For the first time since the Obama administration left office and subsequently moved most of the chocolate and reasonable, left-brain thinking out of the White House, the Congressional Black Caucus Foundation’s 47th Annual Legislative Conference in Washington, D.C., is upon us. It all starts Wednesday.
In the past, CBC annual events were a time of black celebration—and education. They were essentially a gathering of black excellence; workshops and serious policy talk in the front, and bougie, black line-dancing in the back. For every panel on “The Danger of Attorney General Jeff Sessions in the Era of the Trump Administration” is a raised glass of Remy in tribute to the fact that Cardi B no longer dances but can make money move.
The CBCs of the past have essentially been the grown-up cotillions for Jack and Jill parents, policy wonks and politicos. Oh, how we all long for the free-flowing Obama years in which the tradition of trying to find the popping party was all to be worried about. But, my, how times have changed.
In the depressing Republican Trumpian movie that has become our now, the clouds have rolled in, the thunder has cracked and the ominous sounds of a broken cello play off in the distance. This year’s CBC conference is the first under a would-be dictator’s regime that’s changed the unspoken mantra of “the party with a purpose” feel of CBCs past into a “purpose, and maybe a few parties” of the present.
C.J. Epps, vice president of marketing and communications for the CBCF, assures me that the foundation’s mission hasn’t changed despite the gloomy darkness surrounding the Trump administration.
“The mission of the Congressional Black Caucus Foundation Inc. is to advance the global black community by developing leaders, informing policy and educating the public,” Epps told The Root. “Actually, our position and commitment to our mission hasn’t changed at all. We are dedicated to it now more than ever. If anything, we are more vigilant in our efforts. This is why this year’s Annual Legislative Conference is so important. The 47th ALC comes at a pivotal time for us all.”
This is a unique time for a gathering of black elite. Currently, America is seemingly teetering on the edge of a race war. Unarmed black bodies are still falling in the streets, and cops are still walking free with their pensions intact. Protests are currently raging in St. Louis after a white cop was found not guilty in the death of an unarmed black man. And, at the time of this post, President Donald Trump has yet to even acknowledge that any of this is happening.
Congress passed legislation demanding that he speak out against racist hate groups. While Trump has been apt to vomit all over Twitter, he’s had trouble calling white male hate by its name. This might arguably be the most divisive, xenophobic, hate-filled administration for which there’s an actual fact-filled argument that the president of the United States not only emboldens white supremacy but actually abides by white supremacist beliefs.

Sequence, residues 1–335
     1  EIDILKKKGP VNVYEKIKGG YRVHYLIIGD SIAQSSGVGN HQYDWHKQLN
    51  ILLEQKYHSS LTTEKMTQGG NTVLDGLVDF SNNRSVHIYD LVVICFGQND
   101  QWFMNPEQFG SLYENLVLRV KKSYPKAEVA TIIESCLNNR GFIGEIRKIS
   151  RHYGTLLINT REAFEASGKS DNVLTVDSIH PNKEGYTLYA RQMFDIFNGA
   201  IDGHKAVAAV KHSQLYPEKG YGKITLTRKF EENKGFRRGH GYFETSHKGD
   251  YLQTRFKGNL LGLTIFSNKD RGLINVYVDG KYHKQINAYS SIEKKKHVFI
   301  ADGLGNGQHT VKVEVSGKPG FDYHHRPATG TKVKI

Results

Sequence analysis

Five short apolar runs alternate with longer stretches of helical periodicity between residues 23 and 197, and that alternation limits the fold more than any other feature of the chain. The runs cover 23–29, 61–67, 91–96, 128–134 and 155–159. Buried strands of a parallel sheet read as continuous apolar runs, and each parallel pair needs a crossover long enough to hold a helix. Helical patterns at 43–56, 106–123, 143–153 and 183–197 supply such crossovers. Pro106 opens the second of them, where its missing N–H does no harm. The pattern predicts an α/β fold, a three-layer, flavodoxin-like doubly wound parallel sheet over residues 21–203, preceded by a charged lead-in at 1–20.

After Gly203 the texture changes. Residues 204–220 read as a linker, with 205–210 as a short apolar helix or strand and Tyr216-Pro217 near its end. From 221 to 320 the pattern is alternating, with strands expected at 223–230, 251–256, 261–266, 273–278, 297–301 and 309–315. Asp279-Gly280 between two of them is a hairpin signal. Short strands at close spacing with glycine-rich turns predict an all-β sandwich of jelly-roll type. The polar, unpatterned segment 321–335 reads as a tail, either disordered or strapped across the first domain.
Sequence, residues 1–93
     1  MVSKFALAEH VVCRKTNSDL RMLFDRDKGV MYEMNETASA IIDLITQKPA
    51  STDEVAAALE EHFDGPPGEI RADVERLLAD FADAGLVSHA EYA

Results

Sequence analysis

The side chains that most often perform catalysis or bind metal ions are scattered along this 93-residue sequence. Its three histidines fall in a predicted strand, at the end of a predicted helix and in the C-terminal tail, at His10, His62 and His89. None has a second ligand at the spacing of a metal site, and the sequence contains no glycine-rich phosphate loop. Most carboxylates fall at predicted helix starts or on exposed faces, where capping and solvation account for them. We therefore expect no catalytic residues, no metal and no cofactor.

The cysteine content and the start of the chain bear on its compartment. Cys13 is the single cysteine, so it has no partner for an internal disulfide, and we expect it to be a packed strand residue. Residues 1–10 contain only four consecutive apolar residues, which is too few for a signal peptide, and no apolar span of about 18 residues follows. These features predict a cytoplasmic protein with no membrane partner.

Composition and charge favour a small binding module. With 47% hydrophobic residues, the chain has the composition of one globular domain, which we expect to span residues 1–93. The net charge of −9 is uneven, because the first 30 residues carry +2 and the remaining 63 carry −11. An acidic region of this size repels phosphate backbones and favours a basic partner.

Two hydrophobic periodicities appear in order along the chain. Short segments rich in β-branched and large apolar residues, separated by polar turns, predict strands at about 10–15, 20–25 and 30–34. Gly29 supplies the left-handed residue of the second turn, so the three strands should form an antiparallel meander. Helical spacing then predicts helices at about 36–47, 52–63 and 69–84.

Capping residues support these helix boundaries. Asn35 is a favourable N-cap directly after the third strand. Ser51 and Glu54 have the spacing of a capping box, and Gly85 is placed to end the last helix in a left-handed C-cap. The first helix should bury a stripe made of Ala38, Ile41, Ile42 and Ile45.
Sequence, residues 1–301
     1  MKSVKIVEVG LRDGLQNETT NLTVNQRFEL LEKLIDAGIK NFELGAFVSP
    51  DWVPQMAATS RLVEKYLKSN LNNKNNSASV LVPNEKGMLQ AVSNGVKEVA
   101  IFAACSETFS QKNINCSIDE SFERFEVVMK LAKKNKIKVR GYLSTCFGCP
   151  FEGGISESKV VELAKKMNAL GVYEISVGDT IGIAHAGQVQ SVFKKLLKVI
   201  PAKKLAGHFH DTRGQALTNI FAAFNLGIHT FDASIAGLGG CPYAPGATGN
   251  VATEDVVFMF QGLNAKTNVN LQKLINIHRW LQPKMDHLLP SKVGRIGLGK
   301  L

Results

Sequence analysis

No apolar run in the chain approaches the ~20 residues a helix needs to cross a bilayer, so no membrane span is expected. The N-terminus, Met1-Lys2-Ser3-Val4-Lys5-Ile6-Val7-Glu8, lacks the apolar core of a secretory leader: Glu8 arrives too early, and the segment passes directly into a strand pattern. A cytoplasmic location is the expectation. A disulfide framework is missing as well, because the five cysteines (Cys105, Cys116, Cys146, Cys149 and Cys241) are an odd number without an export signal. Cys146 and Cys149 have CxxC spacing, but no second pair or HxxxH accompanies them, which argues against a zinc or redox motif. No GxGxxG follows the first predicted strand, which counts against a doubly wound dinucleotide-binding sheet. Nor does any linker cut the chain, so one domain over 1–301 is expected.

So the assembly of some of black America’s finest in the nation’s capital isn’t just a moment to show up and show out; it’s a chance to capture some of the concrete thinking on how to handle a bumbling administration that has made at least this one point clear: It doesn’t care about us. Not even a lil bit.
“This year we have to come together as a community, and as a country, to work together,” Epps said. “Our forums and sessions will focus on civic engagement, civil rights, foreign affairs, national security, and our core pillars—education, health and wellness, economic empowerment and the environment.
“Additionally, this year at the ALC, we will bring attention to the continued need for social and economic sustainability in the African-American community,” Epps added. “Given the recent events in Charlottesville, St. Louis and other events, the time is now to discuss these issues and come up with effective policy solutions.”
Epps continued: “While we all enjoy having a good time, while we are all gathered, and we will have a number of notable[s] in attendance, this year’s theme, ‘And Still I Rise,’ recognizes the impact and legacy of resilience needed to rise above continued racial inequalities faced by African-American communities. This year, we certainly have a lot to critically examine, and to celebrate, with that in mind.”
So, maybe this year, we collectively agree to drink a little less, dance a little softer and attend more than one panel so that we can get back to the business of tearing down the administration that racism built.
“I do believe that this year, more than any other year, we will have critical discussions on a myriad of social, economic and policy issues, all happening simultaneously, and all real and relevant to African Americans and the global black Diaspora,” Epps said. “The conference is absolutely needed, this year and beyond. Our focus goes beyond one individual or one leader.”